What are the implications of the Patient Protection and Affordable Care Act (ACA) for U.S. citizens residing abroad?
U.S. citizens living abroad are generally subject to the same individual shared responsibility provision as U.S. citizens living in the United States. Starting in 2014, the individual shared responsibility provision calls for each individual to have minimum essential coverage (“MEC”) for each month, qualify for an exemption, or make a payment when filing his or her federal income tax return. However, U.S. citizens or residents living abroad for at least 330 days within a 12 month period are treated as having MEC during those 12 months and thus will not owe a shared responsibility payment for any of those 12 months. Also, U.S. citizens who qualify as a bona fide resident of a foreign country for an entire taxable year are treated as having MEC for that year.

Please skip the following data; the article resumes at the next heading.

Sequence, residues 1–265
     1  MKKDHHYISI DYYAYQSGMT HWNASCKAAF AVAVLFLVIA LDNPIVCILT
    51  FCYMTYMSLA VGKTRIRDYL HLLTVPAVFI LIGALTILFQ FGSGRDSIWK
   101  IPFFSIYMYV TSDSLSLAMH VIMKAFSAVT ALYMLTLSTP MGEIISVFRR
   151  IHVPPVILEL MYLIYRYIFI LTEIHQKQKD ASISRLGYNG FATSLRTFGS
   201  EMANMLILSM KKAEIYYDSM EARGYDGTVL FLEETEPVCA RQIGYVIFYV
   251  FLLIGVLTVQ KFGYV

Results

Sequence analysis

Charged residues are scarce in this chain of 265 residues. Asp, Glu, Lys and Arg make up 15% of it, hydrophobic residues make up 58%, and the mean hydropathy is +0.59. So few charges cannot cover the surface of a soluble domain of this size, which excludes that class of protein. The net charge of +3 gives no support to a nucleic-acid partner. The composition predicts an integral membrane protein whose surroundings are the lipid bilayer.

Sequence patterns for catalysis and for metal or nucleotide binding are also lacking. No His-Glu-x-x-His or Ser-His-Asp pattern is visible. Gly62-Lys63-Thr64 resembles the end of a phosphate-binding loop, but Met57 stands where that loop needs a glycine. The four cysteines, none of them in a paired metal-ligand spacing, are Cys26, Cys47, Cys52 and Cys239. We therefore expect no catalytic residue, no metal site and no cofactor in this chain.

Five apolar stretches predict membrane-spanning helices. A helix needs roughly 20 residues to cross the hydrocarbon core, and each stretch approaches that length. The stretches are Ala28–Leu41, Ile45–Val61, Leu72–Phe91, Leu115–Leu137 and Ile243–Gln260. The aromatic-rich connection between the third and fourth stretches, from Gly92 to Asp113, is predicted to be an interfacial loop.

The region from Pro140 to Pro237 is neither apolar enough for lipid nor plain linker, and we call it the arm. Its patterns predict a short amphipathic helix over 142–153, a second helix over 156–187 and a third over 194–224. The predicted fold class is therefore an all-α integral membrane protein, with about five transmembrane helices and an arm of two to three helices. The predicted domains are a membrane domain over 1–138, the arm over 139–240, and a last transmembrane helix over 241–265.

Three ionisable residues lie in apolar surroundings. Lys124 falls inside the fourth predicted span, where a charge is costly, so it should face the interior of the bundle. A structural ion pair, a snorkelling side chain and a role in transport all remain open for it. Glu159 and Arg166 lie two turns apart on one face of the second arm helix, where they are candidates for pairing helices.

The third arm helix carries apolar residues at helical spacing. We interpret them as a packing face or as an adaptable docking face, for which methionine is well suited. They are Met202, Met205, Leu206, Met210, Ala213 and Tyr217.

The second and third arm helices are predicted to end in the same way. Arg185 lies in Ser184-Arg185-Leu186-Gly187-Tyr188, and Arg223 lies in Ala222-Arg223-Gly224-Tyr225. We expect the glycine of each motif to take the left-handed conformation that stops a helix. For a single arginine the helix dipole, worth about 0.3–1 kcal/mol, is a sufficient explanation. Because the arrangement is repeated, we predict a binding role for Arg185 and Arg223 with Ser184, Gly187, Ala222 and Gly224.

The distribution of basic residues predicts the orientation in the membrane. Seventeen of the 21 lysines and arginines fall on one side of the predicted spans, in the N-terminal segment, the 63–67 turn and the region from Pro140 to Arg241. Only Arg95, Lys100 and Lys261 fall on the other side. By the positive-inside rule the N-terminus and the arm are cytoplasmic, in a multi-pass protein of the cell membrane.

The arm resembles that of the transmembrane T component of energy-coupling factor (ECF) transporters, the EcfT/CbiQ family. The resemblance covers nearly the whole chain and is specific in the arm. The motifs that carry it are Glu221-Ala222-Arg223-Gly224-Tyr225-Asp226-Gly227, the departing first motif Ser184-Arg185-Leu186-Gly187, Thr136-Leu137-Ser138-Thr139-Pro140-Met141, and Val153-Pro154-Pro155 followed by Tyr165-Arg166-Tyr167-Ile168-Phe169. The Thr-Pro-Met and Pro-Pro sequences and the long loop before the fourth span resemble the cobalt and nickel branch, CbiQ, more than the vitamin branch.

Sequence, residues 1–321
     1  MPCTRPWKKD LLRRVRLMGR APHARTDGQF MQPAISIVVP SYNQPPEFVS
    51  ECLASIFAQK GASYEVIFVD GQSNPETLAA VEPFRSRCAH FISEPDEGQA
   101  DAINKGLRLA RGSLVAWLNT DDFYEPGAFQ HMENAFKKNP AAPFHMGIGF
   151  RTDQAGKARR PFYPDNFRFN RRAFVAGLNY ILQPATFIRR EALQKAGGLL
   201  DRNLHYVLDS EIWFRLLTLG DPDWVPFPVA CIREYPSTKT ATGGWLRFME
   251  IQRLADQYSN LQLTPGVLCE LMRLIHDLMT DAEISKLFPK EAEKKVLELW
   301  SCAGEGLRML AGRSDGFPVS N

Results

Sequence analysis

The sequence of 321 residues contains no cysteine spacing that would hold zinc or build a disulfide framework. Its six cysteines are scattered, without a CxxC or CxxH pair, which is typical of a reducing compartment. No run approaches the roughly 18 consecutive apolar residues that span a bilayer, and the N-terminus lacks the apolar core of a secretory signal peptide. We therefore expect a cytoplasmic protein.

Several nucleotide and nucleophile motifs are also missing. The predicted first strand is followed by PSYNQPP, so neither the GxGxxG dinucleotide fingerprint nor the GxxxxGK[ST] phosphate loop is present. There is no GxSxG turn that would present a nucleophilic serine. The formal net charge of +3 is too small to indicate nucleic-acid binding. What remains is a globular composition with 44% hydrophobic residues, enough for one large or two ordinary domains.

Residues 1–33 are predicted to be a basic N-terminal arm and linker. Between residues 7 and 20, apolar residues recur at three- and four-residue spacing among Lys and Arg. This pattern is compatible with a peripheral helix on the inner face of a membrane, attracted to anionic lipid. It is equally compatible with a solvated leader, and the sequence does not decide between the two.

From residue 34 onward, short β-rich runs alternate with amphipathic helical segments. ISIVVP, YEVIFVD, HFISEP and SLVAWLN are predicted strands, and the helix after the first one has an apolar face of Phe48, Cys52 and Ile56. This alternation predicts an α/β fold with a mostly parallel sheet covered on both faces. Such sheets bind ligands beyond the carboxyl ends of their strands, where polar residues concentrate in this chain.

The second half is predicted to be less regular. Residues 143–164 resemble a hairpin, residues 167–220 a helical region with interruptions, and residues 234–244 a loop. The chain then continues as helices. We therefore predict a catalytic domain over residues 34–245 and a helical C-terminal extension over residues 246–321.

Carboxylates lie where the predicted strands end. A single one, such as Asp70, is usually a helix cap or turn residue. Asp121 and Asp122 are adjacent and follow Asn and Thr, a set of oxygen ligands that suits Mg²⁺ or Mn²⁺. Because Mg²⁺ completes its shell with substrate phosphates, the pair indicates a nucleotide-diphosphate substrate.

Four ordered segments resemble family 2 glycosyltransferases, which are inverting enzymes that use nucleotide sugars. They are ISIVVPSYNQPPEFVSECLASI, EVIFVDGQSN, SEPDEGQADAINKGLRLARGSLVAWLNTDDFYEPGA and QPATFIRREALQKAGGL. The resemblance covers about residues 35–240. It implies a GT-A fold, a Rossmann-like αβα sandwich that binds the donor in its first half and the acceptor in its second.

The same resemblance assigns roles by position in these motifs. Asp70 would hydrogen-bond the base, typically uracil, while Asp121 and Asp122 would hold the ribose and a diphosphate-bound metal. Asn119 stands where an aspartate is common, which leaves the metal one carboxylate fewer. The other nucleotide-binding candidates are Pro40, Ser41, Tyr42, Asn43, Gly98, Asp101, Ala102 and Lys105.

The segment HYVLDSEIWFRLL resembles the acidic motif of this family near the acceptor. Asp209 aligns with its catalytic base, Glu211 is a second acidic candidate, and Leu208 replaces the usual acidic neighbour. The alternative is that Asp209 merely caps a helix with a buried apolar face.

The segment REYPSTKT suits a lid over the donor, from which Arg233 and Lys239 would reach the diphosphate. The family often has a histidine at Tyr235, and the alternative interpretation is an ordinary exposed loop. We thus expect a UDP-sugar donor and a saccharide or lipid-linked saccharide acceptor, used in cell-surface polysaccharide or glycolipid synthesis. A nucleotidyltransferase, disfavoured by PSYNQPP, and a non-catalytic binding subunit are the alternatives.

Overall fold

For more information on this issue and on federal benefits for U.S. citizens abroad, please see the following link: https://travel.state.gov/content/passports/en/abroad/legal-matters/benefits.html